The risk of psychic suffering generally seems higher in the case of spontaneous abortion (Friedman & Gath, 1989; Lapelle, 1991; Frost & Condon, 1996; Lee & Slade, 1996; Klier et al, 2002; Geller et al, 2004; Brier, 2004; Lok & Neugebauer, 2007; Brier, 2008). Voluntary termination of pregnancy seems to be less problematic in general, which in most cases seems to be associated with an attenuation of the pre-existing conditions of emotional distress to the termination of pregnancy itself (Greer et al, 1976; Payne et al, 1976; Romans-Clarkson, 1990, Teichman et al, 1993; Rosenfeld, 1992, Schleiss et al, 1997; Bradhaw & Slade, 2003; Bianchi-DeMicheli, 2007).
Advertising message In any case, even the voluntary termination of pregnancy is not necessarily free of significant consequences in terms of mental health. In fact, a study, carried out on women who had voluntarily aborted 8 weeks before, found that 44% had mental disorders, 36% sleep disturbances, 31% had regretted and 11% had been prescribed psychotropic drugs since your family doctor. Another study found that 25% of women who have an abortion perform psychiatric visits, compared to 3% in the control group, and that women who have an abortion have a much higher probability than others of being hospitalized later in a psychiatric ward. Bradshaw et al. (2003) examined the level of psychological stress present immediately before the termination of pregnancy and found that a high level of anxiety is present in 45% of women. Immediately after the surgery, however, there is a reduction in stress levels, but a minority of women continue to have important psychological disorders, which frequently consist of very high anxiety.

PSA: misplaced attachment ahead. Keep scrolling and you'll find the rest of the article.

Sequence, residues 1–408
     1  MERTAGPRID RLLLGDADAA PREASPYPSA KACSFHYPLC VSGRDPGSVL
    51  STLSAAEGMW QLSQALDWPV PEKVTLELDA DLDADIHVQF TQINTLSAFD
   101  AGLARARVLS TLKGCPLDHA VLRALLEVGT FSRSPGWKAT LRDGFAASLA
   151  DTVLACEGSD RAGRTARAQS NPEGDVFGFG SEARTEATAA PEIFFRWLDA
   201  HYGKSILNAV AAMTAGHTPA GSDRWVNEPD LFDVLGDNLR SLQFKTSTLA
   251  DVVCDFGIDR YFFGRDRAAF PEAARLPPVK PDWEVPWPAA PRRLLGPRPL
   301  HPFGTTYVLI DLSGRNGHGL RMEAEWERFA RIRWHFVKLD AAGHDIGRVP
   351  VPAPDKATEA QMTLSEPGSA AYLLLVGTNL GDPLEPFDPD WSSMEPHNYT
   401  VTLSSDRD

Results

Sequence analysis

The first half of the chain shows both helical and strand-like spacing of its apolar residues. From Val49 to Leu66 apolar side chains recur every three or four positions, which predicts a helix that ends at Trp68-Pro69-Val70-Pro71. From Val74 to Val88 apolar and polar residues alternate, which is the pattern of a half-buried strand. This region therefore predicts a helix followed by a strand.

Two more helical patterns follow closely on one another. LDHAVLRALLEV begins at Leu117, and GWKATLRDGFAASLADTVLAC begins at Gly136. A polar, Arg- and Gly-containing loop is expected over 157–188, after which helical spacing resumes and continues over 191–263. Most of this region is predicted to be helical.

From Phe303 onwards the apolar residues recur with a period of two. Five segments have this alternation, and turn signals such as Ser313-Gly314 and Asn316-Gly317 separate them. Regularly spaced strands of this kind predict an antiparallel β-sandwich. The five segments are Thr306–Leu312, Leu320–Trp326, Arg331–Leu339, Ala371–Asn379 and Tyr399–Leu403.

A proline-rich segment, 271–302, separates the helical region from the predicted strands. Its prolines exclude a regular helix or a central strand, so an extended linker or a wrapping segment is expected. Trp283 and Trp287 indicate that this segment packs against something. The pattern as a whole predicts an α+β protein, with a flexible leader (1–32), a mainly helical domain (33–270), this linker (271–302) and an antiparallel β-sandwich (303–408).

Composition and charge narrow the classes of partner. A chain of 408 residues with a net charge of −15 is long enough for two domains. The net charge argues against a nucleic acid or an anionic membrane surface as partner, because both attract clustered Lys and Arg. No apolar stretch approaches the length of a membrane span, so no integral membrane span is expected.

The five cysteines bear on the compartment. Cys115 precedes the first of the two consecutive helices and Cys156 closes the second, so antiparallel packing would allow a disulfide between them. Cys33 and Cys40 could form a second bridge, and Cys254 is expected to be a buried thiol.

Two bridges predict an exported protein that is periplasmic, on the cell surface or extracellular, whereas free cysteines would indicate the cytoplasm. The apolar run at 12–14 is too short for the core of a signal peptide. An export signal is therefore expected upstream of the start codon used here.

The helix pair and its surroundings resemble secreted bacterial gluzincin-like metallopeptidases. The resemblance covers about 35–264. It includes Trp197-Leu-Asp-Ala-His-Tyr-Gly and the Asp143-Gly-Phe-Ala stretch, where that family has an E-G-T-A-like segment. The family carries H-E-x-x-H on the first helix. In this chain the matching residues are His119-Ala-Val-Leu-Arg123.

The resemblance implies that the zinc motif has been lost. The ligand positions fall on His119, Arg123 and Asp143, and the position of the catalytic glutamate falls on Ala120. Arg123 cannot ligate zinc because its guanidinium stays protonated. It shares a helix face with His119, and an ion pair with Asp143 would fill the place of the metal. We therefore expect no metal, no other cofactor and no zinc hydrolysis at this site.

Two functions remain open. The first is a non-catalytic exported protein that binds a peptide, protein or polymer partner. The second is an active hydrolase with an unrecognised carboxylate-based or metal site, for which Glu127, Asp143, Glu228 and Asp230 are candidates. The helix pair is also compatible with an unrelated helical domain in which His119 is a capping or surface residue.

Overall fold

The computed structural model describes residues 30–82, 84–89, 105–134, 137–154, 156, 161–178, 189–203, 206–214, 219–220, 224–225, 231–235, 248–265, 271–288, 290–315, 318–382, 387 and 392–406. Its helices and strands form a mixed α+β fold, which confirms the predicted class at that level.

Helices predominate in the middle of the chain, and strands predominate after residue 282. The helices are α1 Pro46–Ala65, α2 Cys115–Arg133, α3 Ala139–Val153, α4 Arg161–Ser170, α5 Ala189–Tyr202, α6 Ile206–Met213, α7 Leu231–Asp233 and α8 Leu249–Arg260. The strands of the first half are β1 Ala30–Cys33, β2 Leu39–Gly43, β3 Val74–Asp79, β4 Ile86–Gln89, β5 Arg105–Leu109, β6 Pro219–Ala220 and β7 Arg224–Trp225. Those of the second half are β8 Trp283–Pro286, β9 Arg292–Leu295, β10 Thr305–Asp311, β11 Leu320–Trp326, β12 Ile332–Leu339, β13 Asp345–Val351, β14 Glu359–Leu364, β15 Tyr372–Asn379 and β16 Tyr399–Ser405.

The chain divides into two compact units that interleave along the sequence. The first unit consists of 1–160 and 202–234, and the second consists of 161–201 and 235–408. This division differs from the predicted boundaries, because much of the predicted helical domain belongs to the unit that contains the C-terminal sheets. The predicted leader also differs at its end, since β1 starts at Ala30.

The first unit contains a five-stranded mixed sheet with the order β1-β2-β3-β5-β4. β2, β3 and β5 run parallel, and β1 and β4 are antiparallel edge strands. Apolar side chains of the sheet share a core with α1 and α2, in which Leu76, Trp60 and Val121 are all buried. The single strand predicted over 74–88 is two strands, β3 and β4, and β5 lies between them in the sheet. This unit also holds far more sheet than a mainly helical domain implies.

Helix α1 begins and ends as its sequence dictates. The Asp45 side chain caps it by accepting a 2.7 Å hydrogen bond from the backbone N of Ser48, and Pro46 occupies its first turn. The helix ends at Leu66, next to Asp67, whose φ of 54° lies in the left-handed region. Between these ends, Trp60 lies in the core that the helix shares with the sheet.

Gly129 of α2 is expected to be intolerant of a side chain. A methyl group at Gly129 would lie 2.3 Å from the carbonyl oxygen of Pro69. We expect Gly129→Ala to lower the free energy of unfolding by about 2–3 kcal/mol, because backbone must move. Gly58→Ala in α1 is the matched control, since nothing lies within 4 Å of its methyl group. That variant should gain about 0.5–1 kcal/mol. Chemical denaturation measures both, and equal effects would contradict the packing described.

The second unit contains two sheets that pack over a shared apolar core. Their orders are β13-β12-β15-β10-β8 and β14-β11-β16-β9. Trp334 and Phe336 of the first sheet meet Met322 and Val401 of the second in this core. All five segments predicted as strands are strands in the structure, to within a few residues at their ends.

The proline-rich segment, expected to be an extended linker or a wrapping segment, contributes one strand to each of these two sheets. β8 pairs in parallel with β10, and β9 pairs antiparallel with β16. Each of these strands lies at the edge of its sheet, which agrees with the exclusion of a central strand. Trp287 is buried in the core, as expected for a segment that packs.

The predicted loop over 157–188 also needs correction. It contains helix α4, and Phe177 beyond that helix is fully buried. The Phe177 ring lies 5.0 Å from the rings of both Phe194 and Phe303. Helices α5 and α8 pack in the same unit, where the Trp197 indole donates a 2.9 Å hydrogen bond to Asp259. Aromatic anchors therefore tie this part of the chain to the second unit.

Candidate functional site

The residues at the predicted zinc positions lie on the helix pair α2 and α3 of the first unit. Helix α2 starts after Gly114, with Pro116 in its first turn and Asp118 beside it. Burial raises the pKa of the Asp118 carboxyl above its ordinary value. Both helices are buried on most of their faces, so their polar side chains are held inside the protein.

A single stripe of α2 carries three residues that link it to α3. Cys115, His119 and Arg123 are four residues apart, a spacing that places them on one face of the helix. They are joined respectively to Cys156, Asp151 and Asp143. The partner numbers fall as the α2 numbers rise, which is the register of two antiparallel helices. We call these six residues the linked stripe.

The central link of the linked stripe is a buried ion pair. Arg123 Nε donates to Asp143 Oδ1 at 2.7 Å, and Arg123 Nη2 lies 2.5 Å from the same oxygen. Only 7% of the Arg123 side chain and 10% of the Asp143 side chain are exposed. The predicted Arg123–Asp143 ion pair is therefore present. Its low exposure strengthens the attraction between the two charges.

The stress caused by abortion can evolve into an even more painful experience that can lead to an increase or beginning of the intake of drugs and alcohol, changes in eating behavior, social withdrawal, low self-esteem, up to suicidal ideation and attempts suicide. Additionally, abortion has been shown to correlate with Post Traumatic Stress Disorder. In a research on women who had practiced voluntary termination of pregnancy, 46% of the participants showed symptoms of stress such as sleep disturbances, dissociative states, recurrent and intrusive memories of the event, avoidance of stimuli that recalled abortion.
Abortion increases the risk of suicide, as an impulsive act of despair. A Finnish study found that 5.4% of all suicides committed are associated with pregnancy. Of these, 5.9% are associated with the birth of the child, 18.1% with spontaneous abortion, while 34.7% with voluntary abortion.
In conclusion, abortion represents a stressor for the woman who initially is not processed and integrated into the personality structure, since she is in a state of vulnerability causing the appearance of a series of disorders in the emotional sphere: anxiety, post-traumatic disorder stress, depression, substance and alcohol abuse and extreme behavior such as suicide.